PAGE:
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Coasting from coast to coast

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When renowned British fellwalker Alfred Wainwright published the book A Coast To Coast Walk in 1973, detailing a trip he’d taken from the east coast of England to the west, little could he have imagined the book would become the definitive guide to the north of England’s three major national parks or that the walk would widely be considered one of the best in the world.

Thirty Seven years later and anyone who takes on the walk will be sure the book to hand though, such is the richness of its detail and sensible advice on how to break the walk up into chunks – essential information when you’ll be on your feet for more than 200 miles.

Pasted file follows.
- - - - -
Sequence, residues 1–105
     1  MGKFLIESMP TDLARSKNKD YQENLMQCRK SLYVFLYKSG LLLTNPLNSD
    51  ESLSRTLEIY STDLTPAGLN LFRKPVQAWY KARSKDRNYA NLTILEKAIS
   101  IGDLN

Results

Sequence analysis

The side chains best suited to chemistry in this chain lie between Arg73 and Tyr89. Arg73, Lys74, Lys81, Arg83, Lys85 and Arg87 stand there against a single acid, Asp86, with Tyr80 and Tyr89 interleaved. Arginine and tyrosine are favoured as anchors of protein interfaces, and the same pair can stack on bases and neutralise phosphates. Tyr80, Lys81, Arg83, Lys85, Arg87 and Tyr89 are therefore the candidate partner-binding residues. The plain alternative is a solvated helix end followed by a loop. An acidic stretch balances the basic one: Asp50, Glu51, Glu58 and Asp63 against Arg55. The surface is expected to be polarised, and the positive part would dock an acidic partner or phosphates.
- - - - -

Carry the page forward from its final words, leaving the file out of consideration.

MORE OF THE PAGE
Haweswater reservoir in Cumbria

The route traverses the north of England from Cumbria’s St Bees to Robin Hood’s Bay in Yorkshire (or vice versa) passing through the Lake District, the Yorkshire Dales and North York Moors and taking in the kind of scenery that must have inspired the hymn Jerusalem – England’s Green and Pleasant Land indeed.

Wainwright’s suggested route takes around two weeks to complete and the author, who died in 1991, suggested people dip their toes in the Irish Sea before starting and in the North Sea on completion by way of celebration.

A slightly easier – think, crucially, flatter – way to traverse the country is on the official Trans Pennine Trail which cuts from Hornsea in the east to Southport in the west. It is mainly on disused railway lines, is largely traffic free and can easily be done on foot, by bike or even on horseback. The route celebrates its 21st anniversary this year.

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